When constructed with care, a benchmark can be the difference between identifying aspects of an application that are performing poorly or having your users finding it for you. The key phrase in the statement is "constructed with care." Let's eliminate the ambiguity in this phrase by defining some key components and their roles in the construction and execution of a successful benchmark. These components include the application, data, external data sources, the underlying hardware platform, a test harness and, last but not least, a set of performance requirements.Read Understanding the User Experience.
News: Article: Understanding the User Experience
The most critical event in a project's life is when users get their glimpse at it in production. In this article, Kirk Pepperdine explores how we can understand the user experience so that performance doesn't spoil that first impression or, even worse, be failed by the users.
- Posted by: Regina Lynch
- Posted on: June 08 2006 14:50 EDT
- Software Performance Engineering (SPE) Activities by William Louth on June 08 2006 15:13 EDT
- Re: Software Performance Engineering (SPE) Activities by Elmira Fudd on June 08 2006 15:30 EDT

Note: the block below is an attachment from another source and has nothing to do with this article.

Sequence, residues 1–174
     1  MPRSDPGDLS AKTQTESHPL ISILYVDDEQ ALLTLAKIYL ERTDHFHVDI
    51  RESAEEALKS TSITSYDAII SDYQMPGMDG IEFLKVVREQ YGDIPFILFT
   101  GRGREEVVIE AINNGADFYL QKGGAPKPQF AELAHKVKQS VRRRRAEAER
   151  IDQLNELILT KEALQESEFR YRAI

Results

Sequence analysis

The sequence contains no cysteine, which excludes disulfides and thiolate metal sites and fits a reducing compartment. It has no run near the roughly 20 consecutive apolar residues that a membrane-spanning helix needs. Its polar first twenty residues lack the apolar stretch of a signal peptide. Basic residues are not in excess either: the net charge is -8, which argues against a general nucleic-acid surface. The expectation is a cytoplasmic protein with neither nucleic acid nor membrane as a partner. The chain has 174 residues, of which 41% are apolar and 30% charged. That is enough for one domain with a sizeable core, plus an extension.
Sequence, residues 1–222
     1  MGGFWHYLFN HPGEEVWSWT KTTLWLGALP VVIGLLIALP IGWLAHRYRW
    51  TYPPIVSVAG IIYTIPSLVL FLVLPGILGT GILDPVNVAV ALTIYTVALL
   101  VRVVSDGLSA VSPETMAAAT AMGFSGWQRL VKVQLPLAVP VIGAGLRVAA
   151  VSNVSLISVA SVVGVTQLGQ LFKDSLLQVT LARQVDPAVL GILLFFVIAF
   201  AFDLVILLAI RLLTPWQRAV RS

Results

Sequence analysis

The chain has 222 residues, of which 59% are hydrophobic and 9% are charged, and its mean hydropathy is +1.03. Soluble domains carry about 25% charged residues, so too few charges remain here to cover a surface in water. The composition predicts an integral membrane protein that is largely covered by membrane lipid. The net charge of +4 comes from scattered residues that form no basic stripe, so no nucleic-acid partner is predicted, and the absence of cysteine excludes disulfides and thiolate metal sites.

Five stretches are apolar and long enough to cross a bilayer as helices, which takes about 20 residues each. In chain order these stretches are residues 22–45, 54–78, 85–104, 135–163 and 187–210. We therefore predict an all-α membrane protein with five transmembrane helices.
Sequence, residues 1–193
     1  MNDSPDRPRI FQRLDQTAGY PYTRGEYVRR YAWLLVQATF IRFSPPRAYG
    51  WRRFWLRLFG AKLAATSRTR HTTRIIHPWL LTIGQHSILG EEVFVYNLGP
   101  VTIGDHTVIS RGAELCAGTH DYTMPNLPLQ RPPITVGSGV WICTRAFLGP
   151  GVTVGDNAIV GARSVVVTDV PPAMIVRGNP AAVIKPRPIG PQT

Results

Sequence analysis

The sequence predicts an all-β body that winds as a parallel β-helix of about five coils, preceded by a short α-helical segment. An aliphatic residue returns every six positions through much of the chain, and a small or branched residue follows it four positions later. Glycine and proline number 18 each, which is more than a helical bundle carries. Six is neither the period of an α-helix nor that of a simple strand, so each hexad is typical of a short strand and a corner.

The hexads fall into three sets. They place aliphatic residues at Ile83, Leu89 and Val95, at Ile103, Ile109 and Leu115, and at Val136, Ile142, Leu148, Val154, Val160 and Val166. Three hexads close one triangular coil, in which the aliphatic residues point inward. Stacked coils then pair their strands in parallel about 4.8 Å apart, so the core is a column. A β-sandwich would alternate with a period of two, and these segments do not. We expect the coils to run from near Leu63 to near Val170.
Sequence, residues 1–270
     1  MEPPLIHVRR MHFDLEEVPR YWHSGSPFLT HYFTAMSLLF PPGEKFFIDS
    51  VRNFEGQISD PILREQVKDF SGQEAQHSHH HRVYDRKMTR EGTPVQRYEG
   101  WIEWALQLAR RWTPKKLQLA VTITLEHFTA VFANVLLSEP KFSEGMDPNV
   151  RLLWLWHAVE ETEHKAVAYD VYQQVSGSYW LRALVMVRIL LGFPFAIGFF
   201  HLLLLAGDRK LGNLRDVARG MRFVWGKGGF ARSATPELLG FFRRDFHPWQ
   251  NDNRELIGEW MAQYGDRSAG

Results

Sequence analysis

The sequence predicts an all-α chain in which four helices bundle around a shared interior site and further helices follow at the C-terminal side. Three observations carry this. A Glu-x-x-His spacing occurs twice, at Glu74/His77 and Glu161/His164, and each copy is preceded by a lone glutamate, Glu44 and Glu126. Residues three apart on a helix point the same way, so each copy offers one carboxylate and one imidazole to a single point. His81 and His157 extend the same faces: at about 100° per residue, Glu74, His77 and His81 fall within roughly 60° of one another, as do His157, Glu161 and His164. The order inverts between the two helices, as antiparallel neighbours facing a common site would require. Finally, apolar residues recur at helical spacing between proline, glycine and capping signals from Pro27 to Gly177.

Re: Software Performance Engineering (SPE) Activities by William Louth on June 08 2006 03:48 EDT
Re: Software Performance Engineering (SPE) Activities by Kirk Pepperdine on June 09 2006 03:52 EDT
Re: Software Performance Engineering (SPE) Activities by William Louth on June 09 2006 07:19 EDT
- Re: Software Performance Engineering (SPE) Activities by Kirk Pepperdine on June 11 2006 02:39 EDT
- Re: Software Performance Engineering (SPE) Activities by William Louth on June 09 2006 07:19 EDT
- Re: Software Performance Engineering (SPE) Activities by Kirk Pepperdine on June 09 2006 03:52 EDT
- Re: Software Performance Engineering (SPE) Activities by PJ Murray on June 14 2006 06:02 EDT
- Re: Software Performance Engineering (SPE) Activities by William Louth on June 08 2006 03:48 EDT
- Re: Software Performance Engineering (SPE) Activities by design4speed design4speed on June 14 2006 09:37 EDT
- Re: Software Performance Engineering (SPE) Activities by Elmira Fudd on June 08 2006 15:30 EDT
- Are users in the center of this process ? by Kam Keybe on June 09 2006 05:41 EDT
- Re: Article: Understanding the User Experience by design4speed design4speed on June 14 2006 09:44 EDT